Providing all founders, at any stage, with free resources to build a successful startup.

Soma Dhavala


Yashwardhan Chaudhuri

@chaudhuri contributor

Sai Nikhilesh Reddy

@SaiNikhileshReddy contributor

Project Seshu

Submitted Jan 28, 2024


A decentralized framework to train foundational models

FedEm is an open-source library empowering community members to actively participate in the training and fine-tuning of foundational models, fostering transparency and equity in AI development. It aims to democratize the process, ensuring inclusivity and collective ownership in model training.

See this presentation

🎥 Demo

Fedem Package

Link to the video


$ pip install fedem


The emergence of ChatGPT captured widespread attention, marking the first instance where individuals outside of technical circles could engage with Generative AI. This watershed moment sparked a surge of interest in cultivating secure applications of foundational models, alongside the exploration of domain-specific or community-driven alternatives to ChatGPT. Notably, the unveiling of LLaMA 2, an LLM generously open-sourced by Meta, catalyzed a plethora of advancements. This release fostered the creation of diverse tasks, tools, and resources, spanning from datasets to novel models and applications. Additionally, the introduction of Phi 2, an SLM by Microsoft, demonstrated that modestly-sized models could rival their larger counterparts, offering a compelling alternative that significantly reduces both training and operational costs.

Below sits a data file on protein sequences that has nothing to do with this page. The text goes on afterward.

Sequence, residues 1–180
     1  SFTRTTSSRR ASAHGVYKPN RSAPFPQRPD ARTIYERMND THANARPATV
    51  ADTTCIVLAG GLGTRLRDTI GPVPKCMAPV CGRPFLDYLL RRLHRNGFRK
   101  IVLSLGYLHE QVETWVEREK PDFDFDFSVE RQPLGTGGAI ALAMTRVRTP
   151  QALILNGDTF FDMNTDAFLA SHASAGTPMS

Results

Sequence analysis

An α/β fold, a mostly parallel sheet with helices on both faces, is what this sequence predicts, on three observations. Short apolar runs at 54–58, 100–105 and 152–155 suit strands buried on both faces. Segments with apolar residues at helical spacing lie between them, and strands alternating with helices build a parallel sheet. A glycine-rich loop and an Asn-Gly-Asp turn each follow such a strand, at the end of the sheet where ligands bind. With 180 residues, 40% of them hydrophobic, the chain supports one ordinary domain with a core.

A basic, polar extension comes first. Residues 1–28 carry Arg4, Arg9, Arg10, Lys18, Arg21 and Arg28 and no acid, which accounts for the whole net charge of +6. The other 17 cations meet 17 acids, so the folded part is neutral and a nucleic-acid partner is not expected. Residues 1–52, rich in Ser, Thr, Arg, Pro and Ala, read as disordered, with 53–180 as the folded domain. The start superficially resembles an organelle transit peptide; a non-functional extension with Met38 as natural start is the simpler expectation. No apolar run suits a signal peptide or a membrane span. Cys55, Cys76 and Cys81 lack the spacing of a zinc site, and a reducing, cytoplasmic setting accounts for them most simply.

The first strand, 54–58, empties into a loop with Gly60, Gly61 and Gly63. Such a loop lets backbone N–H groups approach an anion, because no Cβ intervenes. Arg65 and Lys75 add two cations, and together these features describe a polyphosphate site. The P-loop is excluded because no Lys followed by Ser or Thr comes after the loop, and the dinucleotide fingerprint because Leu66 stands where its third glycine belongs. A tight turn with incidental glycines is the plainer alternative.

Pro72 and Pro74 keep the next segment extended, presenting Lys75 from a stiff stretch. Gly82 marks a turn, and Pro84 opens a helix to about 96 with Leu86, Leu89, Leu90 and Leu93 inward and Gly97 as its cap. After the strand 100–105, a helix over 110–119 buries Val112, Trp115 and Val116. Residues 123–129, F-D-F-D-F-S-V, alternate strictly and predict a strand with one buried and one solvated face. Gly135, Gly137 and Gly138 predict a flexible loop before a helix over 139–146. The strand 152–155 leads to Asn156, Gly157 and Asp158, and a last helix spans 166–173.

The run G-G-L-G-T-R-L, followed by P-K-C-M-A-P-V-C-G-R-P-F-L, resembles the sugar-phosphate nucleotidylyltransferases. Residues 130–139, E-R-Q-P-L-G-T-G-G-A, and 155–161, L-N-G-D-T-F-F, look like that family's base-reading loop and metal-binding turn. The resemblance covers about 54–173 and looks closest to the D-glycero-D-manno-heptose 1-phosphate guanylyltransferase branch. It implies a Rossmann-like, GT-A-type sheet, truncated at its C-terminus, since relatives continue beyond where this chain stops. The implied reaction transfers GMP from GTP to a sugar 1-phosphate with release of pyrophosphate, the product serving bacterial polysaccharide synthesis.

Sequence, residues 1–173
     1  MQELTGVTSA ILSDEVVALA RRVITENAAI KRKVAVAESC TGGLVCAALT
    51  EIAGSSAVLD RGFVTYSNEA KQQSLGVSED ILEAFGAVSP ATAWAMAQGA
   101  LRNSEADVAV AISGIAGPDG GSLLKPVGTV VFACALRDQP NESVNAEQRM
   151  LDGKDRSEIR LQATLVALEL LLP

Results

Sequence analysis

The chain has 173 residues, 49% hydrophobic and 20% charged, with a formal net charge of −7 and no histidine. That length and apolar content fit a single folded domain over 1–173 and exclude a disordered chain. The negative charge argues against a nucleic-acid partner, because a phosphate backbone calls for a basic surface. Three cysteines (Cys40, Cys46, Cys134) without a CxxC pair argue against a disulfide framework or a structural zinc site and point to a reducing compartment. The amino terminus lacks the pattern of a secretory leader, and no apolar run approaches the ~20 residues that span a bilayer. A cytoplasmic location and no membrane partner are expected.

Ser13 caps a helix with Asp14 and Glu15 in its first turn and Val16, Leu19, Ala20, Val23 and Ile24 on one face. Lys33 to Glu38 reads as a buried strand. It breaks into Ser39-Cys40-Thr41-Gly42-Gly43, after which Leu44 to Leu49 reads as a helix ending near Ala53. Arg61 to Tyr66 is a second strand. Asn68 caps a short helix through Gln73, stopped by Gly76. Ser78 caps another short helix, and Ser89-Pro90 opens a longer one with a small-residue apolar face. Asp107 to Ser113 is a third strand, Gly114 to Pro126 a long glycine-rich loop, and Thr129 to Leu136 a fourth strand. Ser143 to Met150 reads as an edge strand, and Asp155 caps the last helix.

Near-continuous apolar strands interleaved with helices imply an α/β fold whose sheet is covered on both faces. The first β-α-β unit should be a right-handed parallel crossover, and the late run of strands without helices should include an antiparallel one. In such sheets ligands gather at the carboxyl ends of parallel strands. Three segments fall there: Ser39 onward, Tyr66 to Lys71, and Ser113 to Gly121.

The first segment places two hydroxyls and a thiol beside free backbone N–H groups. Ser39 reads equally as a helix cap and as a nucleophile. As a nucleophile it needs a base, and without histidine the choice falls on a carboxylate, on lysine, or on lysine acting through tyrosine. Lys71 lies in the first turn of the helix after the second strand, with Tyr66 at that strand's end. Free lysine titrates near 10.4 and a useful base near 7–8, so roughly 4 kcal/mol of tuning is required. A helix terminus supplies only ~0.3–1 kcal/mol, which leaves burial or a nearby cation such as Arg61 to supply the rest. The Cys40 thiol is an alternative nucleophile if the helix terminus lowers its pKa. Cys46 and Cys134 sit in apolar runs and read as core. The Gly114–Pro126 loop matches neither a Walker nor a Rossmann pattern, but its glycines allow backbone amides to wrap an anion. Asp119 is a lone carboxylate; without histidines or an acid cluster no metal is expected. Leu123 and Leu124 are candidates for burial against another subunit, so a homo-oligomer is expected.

Yet, amid these strides, challenges persist. The training of foundational models within current paradigms demands substantial GPU resources, presenting a barrier to entry for many eager contributors from the broader community. In light of these obstacles, we advocate for FedEm.